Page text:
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Saturday, February 4, 2012

Trent's Last Case, by E.C. Bentley


Trent's Last Case
By E.C. Bentley
1913


If you can tell me at any time, how under the sun a man who put on all those clothes could forget to put in his teeth, you may kick me from here to the nearest lunatic asylum, and hand me over as an incipient dement. (Philip Trent)

As Edward Hoch noted in his review of Trent's Last Case, opinions on Bentley's book have been somewhat mixed, with Ellery Queen and G.K. Chesterton among those shouting hosannas to the heavens and many later reviewers not nearly so enthusiastic. I guess I'd put myself somewhere in the middle of the pack. Early on, I found myself thinking that this was one of the most readable and entertaining books I'd read for quite some time. I'm sorry to say that the center did not hold, although things did pick up again near the end.

It's kind of tricky to discourse about this one without spoiling the good stuff, but I'll give it a whirl. Artist Philip Trent is called to the mansion of a fabulously wealthy and successful businessmen, whose murder has rocked the business world, not to mention the world in general. Trent is there in his capacity as a freelance journalist but he conducts himself more like an amateur detective. During the course of his investigations he sews things up pretty neatly and moves on.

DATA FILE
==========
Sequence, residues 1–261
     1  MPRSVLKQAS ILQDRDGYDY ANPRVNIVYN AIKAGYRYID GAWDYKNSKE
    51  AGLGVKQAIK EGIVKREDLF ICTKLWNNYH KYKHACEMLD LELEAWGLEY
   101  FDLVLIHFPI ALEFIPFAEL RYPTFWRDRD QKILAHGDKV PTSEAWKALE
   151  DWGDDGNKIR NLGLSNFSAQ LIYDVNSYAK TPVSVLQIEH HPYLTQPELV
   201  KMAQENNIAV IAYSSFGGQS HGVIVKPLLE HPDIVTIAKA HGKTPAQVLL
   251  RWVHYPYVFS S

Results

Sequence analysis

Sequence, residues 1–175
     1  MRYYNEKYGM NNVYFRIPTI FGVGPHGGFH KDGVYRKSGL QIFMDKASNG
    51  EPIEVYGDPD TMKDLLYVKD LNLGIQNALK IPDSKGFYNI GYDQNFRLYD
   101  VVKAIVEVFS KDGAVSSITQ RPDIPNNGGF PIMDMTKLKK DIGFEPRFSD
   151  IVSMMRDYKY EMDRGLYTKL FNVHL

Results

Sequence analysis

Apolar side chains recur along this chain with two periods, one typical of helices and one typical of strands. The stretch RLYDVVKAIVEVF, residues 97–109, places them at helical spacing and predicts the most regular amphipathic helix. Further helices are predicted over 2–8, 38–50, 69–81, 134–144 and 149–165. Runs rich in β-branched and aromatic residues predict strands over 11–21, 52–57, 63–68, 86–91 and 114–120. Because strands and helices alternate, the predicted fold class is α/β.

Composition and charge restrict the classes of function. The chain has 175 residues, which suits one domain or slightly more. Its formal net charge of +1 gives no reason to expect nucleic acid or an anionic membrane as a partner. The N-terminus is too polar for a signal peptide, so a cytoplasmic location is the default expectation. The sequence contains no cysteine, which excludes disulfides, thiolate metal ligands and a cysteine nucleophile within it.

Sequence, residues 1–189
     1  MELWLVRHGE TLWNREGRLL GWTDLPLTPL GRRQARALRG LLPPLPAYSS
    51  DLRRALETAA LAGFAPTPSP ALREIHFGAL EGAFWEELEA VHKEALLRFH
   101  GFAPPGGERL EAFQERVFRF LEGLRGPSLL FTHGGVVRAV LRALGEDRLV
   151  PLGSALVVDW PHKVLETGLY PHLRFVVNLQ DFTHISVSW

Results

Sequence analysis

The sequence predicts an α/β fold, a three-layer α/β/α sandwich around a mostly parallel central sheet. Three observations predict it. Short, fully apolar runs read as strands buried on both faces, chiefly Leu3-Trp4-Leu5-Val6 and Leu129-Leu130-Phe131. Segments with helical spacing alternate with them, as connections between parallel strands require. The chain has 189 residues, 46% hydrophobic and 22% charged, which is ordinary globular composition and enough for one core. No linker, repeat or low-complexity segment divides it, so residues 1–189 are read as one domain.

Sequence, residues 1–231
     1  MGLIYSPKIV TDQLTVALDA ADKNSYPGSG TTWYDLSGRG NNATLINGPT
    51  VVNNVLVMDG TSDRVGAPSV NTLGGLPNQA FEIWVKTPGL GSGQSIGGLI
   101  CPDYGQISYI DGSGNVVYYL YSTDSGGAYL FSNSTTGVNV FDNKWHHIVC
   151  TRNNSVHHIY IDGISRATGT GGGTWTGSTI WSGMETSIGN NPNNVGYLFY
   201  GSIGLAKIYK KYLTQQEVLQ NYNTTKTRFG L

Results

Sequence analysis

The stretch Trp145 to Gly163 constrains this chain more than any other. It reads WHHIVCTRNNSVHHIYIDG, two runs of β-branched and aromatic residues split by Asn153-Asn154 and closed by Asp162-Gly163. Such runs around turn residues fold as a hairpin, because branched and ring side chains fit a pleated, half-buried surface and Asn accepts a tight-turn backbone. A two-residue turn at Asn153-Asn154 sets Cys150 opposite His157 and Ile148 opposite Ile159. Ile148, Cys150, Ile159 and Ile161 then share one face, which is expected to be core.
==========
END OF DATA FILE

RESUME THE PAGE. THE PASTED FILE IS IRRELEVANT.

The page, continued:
Which is where the story took a dive for this particular reader. It's probably not a spoiler to reveal that Trent falls hard for the widow of the victim, which is the part of the story that left me cold, given that he moons and mopes about like a love-struck dingbat. Fortunately, as I've already noted, things pick up considerably from here, with a couple of interesting twists that can’t really be discussed without giving away too much.

If Bentley's editor had excised that "Trent-in-love" section from the book you'd have a book that merits some pretty high praise. Even so I'd say it's a pretty decent effort. Although at no point while I was reading Trent's Last Case did it occur to me that it might be, as Wikipedia notes, "the first major sendup of that genre." I guess that's a matter of opinion. Either it's not at all or I'm just not a perceptive enough reader to have taken notice of that angle.

(This was the first of the books I committed to read for Bev Hankins' Vintage Mystery Reading Challenge 2012. It's also the last on the list chronologically, since I chose the Prehistory of Mystery as my theme. More about the challenge here and here is my list of books.)

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